It's just going to be more bloody loans again, isn't it?

Probably, aye. Loans are more attractive than ever. The financial commitment is short term and the cost can be offset by loaning your own players out. It's not ideal, but it creates something of a holding pattern to keep you safe while searching for longer-term fixes.

Look around the Premier League and you'll see it's not just Sunderland who use the system. Stoke City have Victor Moses and Oussama Assaidi. WBA have Andre Wisdom and Silvestre Varela. Hull have Gaston Ramirez and have had Hatem Ben Arfa. QPR have Mauricio Isla, Eduardo Vargas and Niko Krancjar. Southampton have Ryan Bertrand, Toby Alderweirald and have just added Eljero Elias. Swansea have Tom Carroll. West Ham have Carl Jenkinson and Alex Song. Everton have Christian Atsu. That's all to name just a few.

Can we have any more loans, though?

Yes. Under Premier League rules Sunderland can have one more Premier League loan, as long as it's not from Liverpool (sorry Fabio) and foreign loans are pretty much unlimited.

What kind of targets can we expect?

Your guess is as good as mine. Poyet insists that he is looking only for ‘special' quality over quantity, and I'm sure he means it. Whether or not it is delivered, who knows!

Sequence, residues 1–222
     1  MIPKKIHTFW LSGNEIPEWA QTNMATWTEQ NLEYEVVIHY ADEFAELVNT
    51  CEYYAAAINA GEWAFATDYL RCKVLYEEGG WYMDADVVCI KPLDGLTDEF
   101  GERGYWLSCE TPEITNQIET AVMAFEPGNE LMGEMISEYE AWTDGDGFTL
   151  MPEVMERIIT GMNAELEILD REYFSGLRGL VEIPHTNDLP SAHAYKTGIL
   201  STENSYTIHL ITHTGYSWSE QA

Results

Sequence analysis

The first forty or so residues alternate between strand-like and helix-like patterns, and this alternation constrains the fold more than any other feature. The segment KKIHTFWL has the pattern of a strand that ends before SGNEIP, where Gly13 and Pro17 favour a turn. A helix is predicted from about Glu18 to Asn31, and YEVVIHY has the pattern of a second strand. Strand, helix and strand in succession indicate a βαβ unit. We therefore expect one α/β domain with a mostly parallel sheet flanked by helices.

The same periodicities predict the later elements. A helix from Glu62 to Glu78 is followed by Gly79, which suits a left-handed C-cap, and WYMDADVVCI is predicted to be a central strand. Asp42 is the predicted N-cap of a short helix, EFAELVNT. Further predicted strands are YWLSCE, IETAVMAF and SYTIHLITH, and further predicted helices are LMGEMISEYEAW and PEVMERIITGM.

The focus is, you'd hope, likely to be on attacking players. For all there has been a defensive crisis of late, Poyet has the numbers he wants there. He has three full backs (Patrick van Aanholt, Billy Jones, and Anthony Reveillere) and four centre backs (John O'Shea, Wes Brown, Sebastian Coates and Santiago Vergini). That's pretty much what he said he wanted last summer, and only one of the seven, Brown, wasn't either signed by Poyet or given a new contract by him.

Hopefully, then, the forward line is where we'll see a little strengthening.

Poyet doesn't sign the players though, does he!

It's really time this one was put to bed. That it's still seemingly a question for some is astonishing really. Poyet himself has explained the recruitment at the club, and he's a huge influence on it.

I've got a yes or no on a player. Every player who comes here, I agree.

There is no-one among the ones we signed in the summer that I said ‘no' and the club said ‘yes'. That doesn't mean I choose every single player. Let's not be naive.

There is a working system, a recruiting system where we look at players and look at options and, from those options, we're going to pick one or the other. [Fabio] Borini and Marcos Alonso were easy for me. They were my picks.

They are not here, but Buckley was my pick and he is here. That was no recruitment system, it was me.

But that's how it works in any other place.

There we have it. The club haven't signed a single player since Poyet has been at the club that he didn't approve of or want, though there have certainly been one or two that Lee Congerton, or even Roberto de Fanti, didn't want *COUGH Nacho Scocco COUGH Will Buckley COUGH*